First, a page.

Do the words ‘cash flow’ strike terror deep within you? If you are in business, you know that cash is king. If you run out of cash, you basically are out of business. Therefore it’s a smart idea to pay attention to your cash and your cash flow. Using financial tools such as software can help ensure you manage your cash flow well. Even a profitable business can go out of business if they don’t manage their cash flow well. No cash flow=no business. Here are some tips on cash flow to keep in mind. Consider these points for managing your cash flow better.
Profit or loss does not equal cash flow. This is because profit and loss are only one contributor to cash flow, and there are other equally important factors to consider: inventory management, accounts receivable, accounts payable, capital purchases, loans and debt payments, and timing. Considering profit and loss equivalent to cash flow is a mistake, since it does not take into account other important factors.
Software programs can help manage your cash flow. Good accounting software will let you budget income & expenses and will in exchange budget your cash flow. This makes it easier to make wise spending decisions, and not to overspend. After all, it’s hard to argue with the facts when they are sitting right there in front of you! Cash flow reports can also be a great help. These reports show information about the cash intakes and outflows for your business for the selected date range.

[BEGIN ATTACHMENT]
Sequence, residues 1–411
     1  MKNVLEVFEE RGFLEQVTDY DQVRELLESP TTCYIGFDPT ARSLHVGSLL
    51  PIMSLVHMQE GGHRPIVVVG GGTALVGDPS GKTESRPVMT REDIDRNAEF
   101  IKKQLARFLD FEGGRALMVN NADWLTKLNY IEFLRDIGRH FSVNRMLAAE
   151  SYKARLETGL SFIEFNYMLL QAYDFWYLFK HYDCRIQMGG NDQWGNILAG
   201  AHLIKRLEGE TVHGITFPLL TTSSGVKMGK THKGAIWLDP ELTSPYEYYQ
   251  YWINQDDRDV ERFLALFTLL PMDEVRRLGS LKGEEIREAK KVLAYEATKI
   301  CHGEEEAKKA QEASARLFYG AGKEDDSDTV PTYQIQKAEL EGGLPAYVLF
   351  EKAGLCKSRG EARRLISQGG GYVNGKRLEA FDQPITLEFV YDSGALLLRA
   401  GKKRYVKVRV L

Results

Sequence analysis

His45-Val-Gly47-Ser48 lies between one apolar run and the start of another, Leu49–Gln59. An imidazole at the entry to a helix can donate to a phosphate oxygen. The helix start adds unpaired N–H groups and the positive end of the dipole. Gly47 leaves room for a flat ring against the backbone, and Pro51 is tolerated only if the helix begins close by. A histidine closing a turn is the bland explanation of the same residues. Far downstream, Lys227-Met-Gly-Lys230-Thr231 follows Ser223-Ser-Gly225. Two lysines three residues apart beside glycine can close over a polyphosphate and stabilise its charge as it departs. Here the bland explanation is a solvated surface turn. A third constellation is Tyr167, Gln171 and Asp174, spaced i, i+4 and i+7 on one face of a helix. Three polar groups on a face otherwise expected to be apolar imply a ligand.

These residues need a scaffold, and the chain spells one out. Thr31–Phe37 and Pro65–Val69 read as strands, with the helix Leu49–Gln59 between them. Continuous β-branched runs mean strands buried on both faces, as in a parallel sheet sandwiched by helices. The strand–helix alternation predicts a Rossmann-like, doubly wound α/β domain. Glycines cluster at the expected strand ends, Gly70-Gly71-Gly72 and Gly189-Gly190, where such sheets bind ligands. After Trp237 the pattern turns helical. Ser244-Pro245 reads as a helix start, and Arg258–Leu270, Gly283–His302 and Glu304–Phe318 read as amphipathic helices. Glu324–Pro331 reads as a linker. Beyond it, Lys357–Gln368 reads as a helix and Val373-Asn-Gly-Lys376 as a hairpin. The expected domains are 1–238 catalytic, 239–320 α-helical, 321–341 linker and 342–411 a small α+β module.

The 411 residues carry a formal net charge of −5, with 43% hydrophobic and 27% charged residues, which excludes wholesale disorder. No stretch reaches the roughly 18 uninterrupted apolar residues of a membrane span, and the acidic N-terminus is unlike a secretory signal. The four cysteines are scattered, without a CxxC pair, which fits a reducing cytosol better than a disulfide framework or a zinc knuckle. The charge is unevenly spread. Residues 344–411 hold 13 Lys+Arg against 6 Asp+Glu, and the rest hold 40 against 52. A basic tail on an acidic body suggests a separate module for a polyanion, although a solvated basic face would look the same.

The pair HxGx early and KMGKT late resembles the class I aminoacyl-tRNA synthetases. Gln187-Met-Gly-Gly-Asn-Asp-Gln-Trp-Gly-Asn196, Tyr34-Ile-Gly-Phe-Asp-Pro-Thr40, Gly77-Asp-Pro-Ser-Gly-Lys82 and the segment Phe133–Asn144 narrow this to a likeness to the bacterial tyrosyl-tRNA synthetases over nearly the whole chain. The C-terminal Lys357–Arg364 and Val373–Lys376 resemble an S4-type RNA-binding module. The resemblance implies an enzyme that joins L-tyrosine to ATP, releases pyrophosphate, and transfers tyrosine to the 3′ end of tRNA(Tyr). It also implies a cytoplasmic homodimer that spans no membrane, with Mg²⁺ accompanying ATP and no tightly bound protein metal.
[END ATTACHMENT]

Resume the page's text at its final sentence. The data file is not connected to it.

Good cash flow budgeting can save you money. Creating and sticking to a budget can help you in many different ways. Not only can you make better and more profitable decisions, but you can also pay less in late fees, attain discounts for paying early, and you can even lessen or eliminate your need for short term loans, sparing you the cost of paying interest. The flip side of this is also true: if you don’t analyze and plan your cash flow, it will cost you!
Use budgeting and financial analysis tools to do “what if” analysis. Using your financial and budgeting software to help you run ‘what-if’ scenarios can be helpful for your bottom line, and can therefore help improve your cash flow. For example, if I purchase an updated piece of equipment, what will the short and long term financial affects be? Using ‘what-if’ analysis can help keep your expenses in check, which can in turn improve your cash flow.
Pay close attention to your cash flow, use every tool at your disposal to help you, and you will be on the road to better cash flow and a flourishing business.